9. Steve, yes sorry I have an erroneous extra zero on the end of my figure; my gas has risen over 25% in just over four years. 250% would have been slightly excessive.

    Anyway, what has the price of gas got to do with the inferiority of Spaniards? I am just saying that they would have no idea what the prices of things were in another country in order to make such a comparison, just as we would not in their country, that’s all.

    Everyone I talk to says Spain is expensive to live in, including all of my Spanish friends, and I concur, but it’s only my opinion.

  10. I agree with Fred, Spain is expensive now and that is why the holiday business has fallen away. It is not competitive now. If the local wages are half that of the UK but fuel is 10% cheaper, then add food and other items then Spain is expensive to live in. Many Brits have returned because of the strength of the Euro and how expensive Spain has become. One independent petrol retailer near my place in Spain sells diesel 6 cents per litre cheaper than the Nationals. Not many of those around though. I think electric is more expensive than the UK. If you run a gas fire in Spain you can go through two or three bottles in a week. Not having mains gas will make it more expensive. The houses are not built to retain heat so I did spend more to keep my house warm in the winter there than in the UK. It is a part time job moving all those logs around as well, cutting them up…

  11. Interesting how people have such different experiences in Spain. In fact, Tourism is up, with 10% more tourists in Andalucia this August than last August. And the spend is 6% up on last year. Food is cheap. A recent survey compared Mercadona (not the cheapest here) with Asda, Tesco and sainsbury for a basket of goods-fruit etc and the UK average was 3 times the cost. We get a lot of visitors and they are amazed at how cheap the supermarkets are here. And we pay far far more for our electricity and water in the uk. It is very tough here in Spain for the many unemployed and for expats struggling on fixed incomes but my cost of living here is, without question, far less than in the UK. Even things like road tax, ITV and car insurance–much much cheaper.And no TV License=€180 in uk!

    And although this autumn is damp and cold now, generally we need very little heating through the winter.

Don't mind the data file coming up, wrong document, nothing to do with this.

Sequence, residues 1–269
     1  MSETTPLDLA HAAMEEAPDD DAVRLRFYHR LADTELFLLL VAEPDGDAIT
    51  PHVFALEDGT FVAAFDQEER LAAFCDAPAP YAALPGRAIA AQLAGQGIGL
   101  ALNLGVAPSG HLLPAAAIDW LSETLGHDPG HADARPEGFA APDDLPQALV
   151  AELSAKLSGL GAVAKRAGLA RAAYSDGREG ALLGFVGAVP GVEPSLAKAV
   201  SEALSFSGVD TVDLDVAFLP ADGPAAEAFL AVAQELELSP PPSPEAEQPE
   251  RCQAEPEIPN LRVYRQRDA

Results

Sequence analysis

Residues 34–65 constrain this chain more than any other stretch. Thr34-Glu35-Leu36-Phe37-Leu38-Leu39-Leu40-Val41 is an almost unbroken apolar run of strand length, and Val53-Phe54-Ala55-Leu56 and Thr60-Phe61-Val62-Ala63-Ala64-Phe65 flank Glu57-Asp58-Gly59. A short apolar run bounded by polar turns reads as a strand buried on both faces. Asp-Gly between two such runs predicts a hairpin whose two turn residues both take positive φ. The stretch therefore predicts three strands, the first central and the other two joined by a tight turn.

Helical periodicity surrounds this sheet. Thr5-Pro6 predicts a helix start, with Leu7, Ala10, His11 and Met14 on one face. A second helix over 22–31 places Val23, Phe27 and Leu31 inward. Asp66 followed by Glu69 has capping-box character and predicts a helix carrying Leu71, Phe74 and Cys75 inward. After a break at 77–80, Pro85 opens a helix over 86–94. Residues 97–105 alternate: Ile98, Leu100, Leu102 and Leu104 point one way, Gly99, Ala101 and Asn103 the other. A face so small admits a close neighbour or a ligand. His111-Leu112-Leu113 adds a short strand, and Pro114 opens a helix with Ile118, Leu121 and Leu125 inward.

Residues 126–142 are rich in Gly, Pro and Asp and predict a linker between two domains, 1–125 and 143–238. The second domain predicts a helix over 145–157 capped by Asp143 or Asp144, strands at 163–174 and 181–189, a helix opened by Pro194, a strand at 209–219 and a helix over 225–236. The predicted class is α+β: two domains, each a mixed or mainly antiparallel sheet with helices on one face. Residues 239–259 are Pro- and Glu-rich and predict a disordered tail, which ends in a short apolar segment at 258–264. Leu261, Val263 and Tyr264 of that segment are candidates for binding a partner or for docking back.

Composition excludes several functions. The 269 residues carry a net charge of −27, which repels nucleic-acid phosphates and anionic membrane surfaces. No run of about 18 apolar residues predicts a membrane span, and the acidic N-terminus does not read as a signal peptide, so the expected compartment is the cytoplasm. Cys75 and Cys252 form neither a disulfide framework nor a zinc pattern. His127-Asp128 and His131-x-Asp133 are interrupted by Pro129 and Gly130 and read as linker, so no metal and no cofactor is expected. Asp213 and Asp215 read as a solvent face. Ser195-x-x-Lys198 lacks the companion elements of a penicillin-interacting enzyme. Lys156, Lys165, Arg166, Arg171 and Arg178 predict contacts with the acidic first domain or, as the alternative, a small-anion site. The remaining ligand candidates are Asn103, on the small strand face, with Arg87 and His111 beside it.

12. Hi Reap,
    I liked your comment about houses not built to retain heat. One night by accident I left the central heating on – never again – the boiler never stopped firing up because – the pipes were buried in concrete/zero insulation, all we were doing was heating up the conctrete slab = horrendous gas bill. No Spanish in this nearly new block used the gas c/heating. Could’nt use all 4 rings of the electric hob because the consumer unit shut down, reason – underspecced wiring – one of the reasons why so many Spanish die in house fires along with steel security bars across windows

    Our lounge had glass wall-to-wall – because the concrete floor had not been levelled, there was a big gap at the top of the windows – you could’nt make it up. Gas boiler not serviced from new until our final year there. Free solar energy kept this room warm when the sun was on it – freezing cold later – Tony Bishop take note!

    I always have a laugh when the Brits talk about Spain as if it’s all one climate and especially that ‘it’s’ always sunny, when they should be specific and talk about coastal Andalucia.

    Steve, Estepona – try living behind the Sierra Nevada mountains ( as many Brits do) very, very cold in winter and bloody hot in summer – Guadix,summer, 2009 – 6 weeks of 45/6C.

    Just got off the phone to the estate agents – conversation in Spanish with the son of Galician immigrants – he would never think of living in Spain and neither would his parents ever return home, except for a vacation.

    I see there are lots of Spanish living in Brighton now – and claiming Social Security – British taxpayers – the mugs of Europe.